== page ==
Archive forbooks

Podcast #111 – The Next Big Thing

23 February, 2015No comments

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After a long break, our podcast regulars, Stephen Robertson and Mills Kelly, were led by Amanda French in our first 2015 podcast. After a quick check-in on their current projects, the group kicked it off with a review of the winter academic conferences. Next, they discussed the announcement that Stanford University Press was awarded funding from the Andrew W. Mellon Foundation for the publishing of interactive scholarly works. On the subject of digital scholarship, Amanda mentioned the Humanities Open Book project which was recently funded by both the National Endowment for the Humanities (NEH) and the Mellon Foundation. Shifting the discussion to pedagogy, Mills addressed the way in which students may engage with the humanities differently through wearable computing. This podcast was produced by Digital History Fellows Jordan Bratt and Jannelle Legg.

Links:

Stanford University Press

Humanities Open Book

Gluejar

Wearable Computing

Internet of Things

Running time: 45:27

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Categorized under awards, books, conferences, digital humanities, publishing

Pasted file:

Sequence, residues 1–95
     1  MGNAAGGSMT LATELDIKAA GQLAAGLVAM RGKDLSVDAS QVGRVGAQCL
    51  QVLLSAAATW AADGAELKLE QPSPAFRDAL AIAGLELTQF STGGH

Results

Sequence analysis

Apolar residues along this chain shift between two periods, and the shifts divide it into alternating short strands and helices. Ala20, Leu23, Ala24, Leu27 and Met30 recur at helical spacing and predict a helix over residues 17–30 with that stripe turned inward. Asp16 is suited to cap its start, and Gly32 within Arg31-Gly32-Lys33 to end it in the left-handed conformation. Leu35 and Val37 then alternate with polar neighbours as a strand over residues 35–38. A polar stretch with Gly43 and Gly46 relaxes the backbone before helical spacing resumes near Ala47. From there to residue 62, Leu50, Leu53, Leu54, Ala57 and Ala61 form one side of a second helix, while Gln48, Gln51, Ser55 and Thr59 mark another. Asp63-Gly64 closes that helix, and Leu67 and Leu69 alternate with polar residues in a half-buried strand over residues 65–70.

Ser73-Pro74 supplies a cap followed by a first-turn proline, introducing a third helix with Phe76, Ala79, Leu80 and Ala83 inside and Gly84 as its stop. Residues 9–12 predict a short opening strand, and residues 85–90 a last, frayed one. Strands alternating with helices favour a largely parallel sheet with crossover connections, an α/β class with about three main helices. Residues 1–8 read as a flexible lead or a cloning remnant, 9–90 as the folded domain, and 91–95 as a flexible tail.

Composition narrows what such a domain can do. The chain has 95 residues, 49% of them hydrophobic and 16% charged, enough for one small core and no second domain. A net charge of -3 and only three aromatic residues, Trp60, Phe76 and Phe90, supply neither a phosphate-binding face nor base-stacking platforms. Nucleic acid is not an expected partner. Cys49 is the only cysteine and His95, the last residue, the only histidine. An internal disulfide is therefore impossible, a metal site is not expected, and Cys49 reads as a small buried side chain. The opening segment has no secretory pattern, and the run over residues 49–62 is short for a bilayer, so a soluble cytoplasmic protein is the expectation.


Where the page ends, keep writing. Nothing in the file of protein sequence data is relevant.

Episode #102 – Digital Campus on 2013 and the Uncertain Future of Amazon’s Drones

18 December, 2013No comments

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In this year-end roundup/predictions episode of our Digital Campus podcast, Stephen and special guest Sharon Leon jumped in on this year’s cheers and jeers, listing the best and worst stories and events of 2013, including praise for expansion of DH centers and digital collections, as well as critiques of Elsevier‘s recent actions and the impact of the government shutdown on educational institutions. Tom, Mills, Amanda, and Dan then reviewed the successes (there were a few!) and failures (oh, MOOCs…) of their respective predictions for 2013.